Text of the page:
“I would. We have
obstructionists,” Trump told Fox News, referring to possible use
of the so-called nuclear option that would overturn Senate rules
requiring 60 votes to overcome a procedural hurdle, or
filibuster, for Supreme Court nominees.
There are currently 52 Republican senators in the 100-seat
Trump plans next week to announce his choice to fill the vacancy
caused by the death of conservative Justice Antonin Scalia in
February 2016. His nominee could restore the decades-long
conservative majority on the court.
Democrats are seething over the Republican-led Senate's refusal
last year to consider Democratic President Barack Obama's
nomination of appeals court Judge Merrick Garland for the
lifetime post, an action with little precedent in U.S. history.
Trump told Fox News anchor Sean Hannity that he had made his
choice. “I have made my decision pretty much in my mind, yes.
That's subject to change at the last moment."
Among the front-runners are three conservative jurists: Neil
Gorsuch, a judge on the Denver-based 10th U.S. Circuit Court of
Appeals; Thomas Hardiman, who serves on the Philadelphia-based
3rd U.S. Circuit Court of Appeals; and William Pryor, on the
Atlanta-based 11th U.S. Circuit Court of Appeals.
On Tuesday, Senate Democratic leader Chuck Schumer said he told
Trump that Democrats would fight any nominee they consider to be
outside the mainstream.
Assuming all 52 Senate Republicans back Trump's nominee, Senate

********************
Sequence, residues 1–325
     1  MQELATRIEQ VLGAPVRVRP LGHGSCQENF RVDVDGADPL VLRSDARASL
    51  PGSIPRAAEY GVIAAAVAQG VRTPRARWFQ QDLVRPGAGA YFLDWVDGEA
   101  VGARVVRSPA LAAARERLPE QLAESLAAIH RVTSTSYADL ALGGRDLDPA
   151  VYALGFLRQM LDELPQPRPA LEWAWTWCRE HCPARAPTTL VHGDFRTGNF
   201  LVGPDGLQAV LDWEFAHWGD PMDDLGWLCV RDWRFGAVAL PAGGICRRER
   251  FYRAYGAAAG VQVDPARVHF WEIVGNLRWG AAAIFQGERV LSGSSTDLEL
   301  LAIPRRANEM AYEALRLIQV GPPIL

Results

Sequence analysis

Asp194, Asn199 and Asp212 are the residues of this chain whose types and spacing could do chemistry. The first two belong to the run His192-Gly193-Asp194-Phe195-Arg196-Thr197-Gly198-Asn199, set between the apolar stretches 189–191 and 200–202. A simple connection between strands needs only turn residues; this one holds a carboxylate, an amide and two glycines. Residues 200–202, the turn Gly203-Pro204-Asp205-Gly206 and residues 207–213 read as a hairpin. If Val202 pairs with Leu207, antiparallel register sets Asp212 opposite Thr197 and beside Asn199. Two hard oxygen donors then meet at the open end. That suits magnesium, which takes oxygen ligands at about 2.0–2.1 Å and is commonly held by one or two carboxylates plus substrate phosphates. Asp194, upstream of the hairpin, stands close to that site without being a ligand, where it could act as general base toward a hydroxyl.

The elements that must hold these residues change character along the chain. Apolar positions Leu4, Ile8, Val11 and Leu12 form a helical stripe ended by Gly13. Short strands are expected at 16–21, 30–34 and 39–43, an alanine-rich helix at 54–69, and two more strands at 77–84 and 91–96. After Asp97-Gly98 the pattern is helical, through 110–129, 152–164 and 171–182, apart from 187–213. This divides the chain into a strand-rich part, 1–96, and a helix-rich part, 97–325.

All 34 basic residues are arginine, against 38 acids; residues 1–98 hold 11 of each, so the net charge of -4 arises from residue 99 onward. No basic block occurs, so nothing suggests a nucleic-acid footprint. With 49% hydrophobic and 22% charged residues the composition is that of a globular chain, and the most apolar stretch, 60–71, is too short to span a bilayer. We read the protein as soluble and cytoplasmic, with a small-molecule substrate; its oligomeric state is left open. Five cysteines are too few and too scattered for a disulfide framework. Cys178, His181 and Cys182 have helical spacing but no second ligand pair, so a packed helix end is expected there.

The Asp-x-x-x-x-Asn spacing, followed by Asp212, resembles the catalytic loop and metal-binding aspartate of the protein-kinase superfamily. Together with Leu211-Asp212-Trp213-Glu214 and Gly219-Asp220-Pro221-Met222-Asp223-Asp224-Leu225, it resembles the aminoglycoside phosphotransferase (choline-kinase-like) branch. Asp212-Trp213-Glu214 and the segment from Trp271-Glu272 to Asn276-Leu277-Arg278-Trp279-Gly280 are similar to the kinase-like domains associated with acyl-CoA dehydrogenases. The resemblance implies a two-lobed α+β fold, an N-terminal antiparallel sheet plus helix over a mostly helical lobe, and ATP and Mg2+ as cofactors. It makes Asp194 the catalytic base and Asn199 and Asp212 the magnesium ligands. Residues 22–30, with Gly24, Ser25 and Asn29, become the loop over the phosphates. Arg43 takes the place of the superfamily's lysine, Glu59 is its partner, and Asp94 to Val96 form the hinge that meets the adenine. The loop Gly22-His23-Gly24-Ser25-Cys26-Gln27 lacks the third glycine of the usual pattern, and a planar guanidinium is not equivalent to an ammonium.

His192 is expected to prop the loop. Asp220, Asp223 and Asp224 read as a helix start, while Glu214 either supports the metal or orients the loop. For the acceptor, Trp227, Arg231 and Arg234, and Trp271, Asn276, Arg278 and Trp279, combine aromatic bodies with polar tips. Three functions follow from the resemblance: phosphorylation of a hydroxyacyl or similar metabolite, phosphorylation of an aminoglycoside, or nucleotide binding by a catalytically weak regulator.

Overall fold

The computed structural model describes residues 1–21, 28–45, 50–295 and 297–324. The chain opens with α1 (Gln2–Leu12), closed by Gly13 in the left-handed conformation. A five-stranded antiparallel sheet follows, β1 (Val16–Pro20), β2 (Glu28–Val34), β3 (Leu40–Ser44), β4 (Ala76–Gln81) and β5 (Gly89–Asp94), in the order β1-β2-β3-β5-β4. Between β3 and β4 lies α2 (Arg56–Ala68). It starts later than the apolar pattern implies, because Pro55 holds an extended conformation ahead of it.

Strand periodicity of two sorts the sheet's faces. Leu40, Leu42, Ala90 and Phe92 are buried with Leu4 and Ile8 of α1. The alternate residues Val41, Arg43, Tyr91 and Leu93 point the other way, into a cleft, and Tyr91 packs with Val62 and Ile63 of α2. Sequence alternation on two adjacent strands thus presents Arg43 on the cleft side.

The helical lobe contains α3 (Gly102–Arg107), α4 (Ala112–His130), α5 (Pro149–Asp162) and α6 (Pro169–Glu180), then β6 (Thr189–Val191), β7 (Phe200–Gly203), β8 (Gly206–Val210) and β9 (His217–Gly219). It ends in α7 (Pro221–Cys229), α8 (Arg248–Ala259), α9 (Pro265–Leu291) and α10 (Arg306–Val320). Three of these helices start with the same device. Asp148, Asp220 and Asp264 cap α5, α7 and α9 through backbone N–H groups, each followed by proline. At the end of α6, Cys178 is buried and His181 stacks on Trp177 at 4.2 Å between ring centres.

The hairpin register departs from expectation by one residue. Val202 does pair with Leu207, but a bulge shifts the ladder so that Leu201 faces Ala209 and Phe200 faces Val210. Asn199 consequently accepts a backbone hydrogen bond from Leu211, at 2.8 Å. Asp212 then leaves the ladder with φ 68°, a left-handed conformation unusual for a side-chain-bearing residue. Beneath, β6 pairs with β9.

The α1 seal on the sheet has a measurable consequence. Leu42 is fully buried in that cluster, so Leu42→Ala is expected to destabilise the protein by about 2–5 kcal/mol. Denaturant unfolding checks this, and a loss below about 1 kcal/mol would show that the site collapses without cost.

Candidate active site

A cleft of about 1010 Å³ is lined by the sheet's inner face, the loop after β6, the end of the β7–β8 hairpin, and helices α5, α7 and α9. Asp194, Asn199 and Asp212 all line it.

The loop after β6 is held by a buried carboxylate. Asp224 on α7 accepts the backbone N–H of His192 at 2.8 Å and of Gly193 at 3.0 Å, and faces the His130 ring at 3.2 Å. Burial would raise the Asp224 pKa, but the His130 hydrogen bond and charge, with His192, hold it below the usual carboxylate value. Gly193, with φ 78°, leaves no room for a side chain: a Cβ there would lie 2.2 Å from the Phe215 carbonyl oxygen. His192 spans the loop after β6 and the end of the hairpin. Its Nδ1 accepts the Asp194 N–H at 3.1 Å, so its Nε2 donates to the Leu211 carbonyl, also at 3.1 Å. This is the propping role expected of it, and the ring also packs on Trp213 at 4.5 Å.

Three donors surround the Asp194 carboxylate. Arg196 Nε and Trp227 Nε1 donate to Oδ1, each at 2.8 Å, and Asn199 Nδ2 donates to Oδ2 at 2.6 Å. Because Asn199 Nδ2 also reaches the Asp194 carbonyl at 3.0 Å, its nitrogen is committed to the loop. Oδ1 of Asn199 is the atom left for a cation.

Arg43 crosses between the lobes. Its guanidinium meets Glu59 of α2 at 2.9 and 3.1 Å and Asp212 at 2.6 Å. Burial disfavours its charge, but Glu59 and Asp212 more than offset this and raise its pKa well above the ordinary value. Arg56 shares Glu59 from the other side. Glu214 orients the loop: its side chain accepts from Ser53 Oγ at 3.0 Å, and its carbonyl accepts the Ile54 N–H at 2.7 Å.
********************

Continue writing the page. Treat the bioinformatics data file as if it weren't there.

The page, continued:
Majority Leader Mitch McConnell would either need to lure eight
Democrats to his side or change the rules and ban the filibuster
for Supreme Court nominations.
Despite the nuclear option threat, Nan Aron, president of the
liberal Alliance for Justice, which tracks judicial nominations,
said in an email to Reuters that a Democratic filibuster "would
still be far better than what Republicans did to Merrick
More than three years ago, Democrats used their then-majority in
the Senate to ban filibusters against presidential nominees
other than for the Supreme Court. The move came after
Republicans blocked several key Obama nominees.
Vice President Mike Pence told Republican lawmakers on Thursday
that Trump would nominate a "strict constructionist" to the
court, referring to the literal interpretation of the U.S.
Constitution's text without regard to changes in American
(Reporting by Jeff Mason and Eric Walsh in Washington and Andrew
Chung in New York; Editing by Peter Cooney and Leslie Adler)
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